Cobras captain Justin Ontong led the way for his team with a century as the visitors reached 322 for seven on day one of their domestic four-day match against the Lions. Photo by Grant Pitcher/Gallo Images

It was a day of contrasting emotions at Newlands yesterday. As one of South Africa’s stalwart cricketers played his final first-class innings in this country, the Cape Cobras put one hand on the Sunfoil Series trophy with a 184-run victory over the Warriors.

There wasn’t much of a party in the home side’s dressingroom after the match, as they were waiting to see whether the second-placed Knights could chase down an improbable 435 runs for victory against the Titans. After a rollicking start, the Bloemfontein outfit lost their way after the Titans took the new ball, and the Cenurion side went on to record only their second win of the season.

The Cobras are now 19.08 points ahead of the Knights going into the final round of fixtures. Only a complete meltdown against the struggling Lions, and a big win with a truckload of bonus points for the Knights against the Dolphins, is standing in the way of Paul Adams’s side annexing the R1million first prize.

The Cobras blew the Warriors away this weekend, and responded brilliantly after they opened the door for the Knights with a crushing defeat in Kimberley a fortnight ago.

The talented Stiaan van Zyl scored a brilliant century in the first innings and was ably supported by wicket-keeper Dane Vilas, while Rory Kleinveldt produced an outstanding performance with the ball and the bat in the first half of the match to set up the victory.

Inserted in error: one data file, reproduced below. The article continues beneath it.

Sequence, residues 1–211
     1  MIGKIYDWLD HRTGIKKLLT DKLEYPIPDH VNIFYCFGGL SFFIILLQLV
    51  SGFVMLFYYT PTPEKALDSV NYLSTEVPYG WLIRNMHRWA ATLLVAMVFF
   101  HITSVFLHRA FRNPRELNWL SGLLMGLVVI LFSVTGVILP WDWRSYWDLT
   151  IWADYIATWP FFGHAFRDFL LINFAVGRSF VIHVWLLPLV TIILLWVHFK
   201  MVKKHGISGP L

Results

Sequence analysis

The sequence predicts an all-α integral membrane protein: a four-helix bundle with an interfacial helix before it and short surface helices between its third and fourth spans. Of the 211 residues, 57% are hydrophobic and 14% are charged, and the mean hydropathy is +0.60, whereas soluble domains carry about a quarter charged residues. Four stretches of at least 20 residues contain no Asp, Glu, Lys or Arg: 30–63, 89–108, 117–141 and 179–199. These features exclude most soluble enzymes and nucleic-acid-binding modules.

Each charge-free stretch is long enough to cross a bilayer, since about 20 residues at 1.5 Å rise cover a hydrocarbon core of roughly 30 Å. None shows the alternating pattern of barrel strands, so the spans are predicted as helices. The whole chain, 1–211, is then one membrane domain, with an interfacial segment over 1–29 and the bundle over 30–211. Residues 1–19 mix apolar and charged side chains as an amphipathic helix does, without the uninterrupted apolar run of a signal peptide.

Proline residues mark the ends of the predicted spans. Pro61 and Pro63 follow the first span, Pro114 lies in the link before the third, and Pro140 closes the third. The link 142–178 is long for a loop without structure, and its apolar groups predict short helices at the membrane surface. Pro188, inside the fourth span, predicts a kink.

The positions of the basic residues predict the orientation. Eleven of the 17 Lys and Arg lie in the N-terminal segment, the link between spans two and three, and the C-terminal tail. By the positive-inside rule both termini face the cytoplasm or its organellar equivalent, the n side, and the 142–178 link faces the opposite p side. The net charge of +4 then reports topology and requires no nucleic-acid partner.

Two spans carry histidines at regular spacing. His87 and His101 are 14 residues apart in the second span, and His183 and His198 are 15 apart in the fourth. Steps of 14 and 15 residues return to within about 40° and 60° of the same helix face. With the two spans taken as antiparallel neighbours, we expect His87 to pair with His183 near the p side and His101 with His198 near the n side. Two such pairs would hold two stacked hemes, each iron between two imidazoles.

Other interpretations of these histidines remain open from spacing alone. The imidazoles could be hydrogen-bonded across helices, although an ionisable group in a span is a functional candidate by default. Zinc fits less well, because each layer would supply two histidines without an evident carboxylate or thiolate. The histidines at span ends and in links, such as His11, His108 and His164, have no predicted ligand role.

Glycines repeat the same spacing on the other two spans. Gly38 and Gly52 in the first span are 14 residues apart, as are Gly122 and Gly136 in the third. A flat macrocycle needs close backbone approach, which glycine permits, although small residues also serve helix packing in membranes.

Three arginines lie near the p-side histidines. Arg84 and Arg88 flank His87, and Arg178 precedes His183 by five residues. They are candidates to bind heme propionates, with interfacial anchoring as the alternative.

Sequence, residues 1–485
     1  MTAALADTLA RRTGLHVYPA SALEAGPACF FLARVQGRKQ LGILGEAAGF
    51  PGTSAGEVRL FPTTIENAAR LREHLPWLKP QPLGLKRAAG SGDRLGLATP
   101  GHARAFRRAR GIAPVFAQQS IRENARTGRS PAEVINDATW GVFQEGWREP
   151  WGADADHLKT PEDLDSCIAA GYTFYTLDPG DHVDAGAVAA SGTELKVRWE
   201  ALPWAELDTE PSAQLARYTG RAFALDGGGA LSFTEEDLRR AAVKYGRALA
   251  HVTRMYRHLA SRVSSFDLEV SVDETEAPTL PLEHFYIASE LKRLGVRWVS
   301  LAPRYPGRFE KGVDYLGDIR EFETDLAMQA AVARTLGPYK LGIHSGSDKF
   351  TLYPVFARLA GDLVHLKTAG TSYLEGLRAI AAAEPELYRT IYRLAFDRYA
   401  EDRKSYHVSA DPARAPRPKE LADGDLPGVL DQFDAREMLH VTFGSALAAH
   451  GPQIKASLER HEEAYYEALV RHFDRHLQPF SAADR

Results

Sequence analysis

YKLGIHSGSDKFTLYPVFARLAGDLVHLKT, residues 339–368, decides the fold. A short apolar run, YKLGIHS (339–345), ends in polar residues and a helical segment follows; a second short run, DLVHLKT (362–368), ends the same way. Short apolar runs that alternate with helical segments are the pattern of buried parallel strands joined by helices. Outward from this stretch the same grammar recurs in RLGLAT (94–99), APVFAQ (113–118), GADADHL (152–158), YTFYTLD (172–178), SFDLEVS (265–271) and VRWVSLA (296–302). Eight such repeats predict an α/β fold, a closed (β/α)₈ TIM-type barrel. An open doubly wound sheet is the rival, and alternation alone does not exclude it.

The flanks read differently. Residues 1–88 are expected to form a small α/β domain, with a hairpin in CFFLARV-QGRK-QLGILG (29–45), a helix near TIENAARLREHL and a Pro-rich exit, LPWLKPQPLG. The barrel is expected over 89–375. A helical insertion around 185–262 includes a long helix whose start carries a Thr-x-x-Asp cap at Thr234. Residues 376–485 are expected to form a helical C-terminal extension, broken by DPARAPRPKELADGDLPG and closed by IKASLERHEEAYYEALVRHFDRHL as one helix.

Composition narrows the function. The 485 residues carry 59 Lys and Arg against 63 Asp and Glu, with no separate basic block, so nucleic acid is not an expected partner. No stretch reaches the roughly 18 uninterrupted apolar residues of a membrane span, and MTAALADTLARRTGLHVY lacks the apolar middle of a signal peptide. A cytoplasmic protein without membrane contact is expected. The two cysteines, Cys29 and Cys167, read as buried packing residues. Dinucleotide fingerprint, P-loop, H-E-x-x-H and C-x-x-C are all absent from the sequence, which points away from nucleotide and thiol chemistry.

Kleinveldt (3/43) took the most wickets in the Warriors’ second innings as well, but it was a team effort as all of the Cape side’s front-line bowlers chipped in to bowl out the Warriors just before the tea break yesterday.

“This is a massive win for us,” Adams told the Cape Times after the match. “At the start of the game we said we are going to be in for a big weekend against the Warriors. It’s going to be important that we still follow our processes (against the Lions) and not think about our advantage because that can be very distracting. So it’s just important that players understand their roles and what they have to do.”

The retiring Ashwell Prince (41), though, looked to delay the Cape side’s march, with the former Proteas batsman showing that he is still the man for a scrap. But his 144-ball vigil came to an end just after lunch when he was caught at first slip by Justin Kemp off the bowling of Kleinveldt.

The gritty left-hander, who also played lots of cricket down here in the Cape, walked off to a standing ovation by the handful of people at this grand old ground yesterday. - Cape Times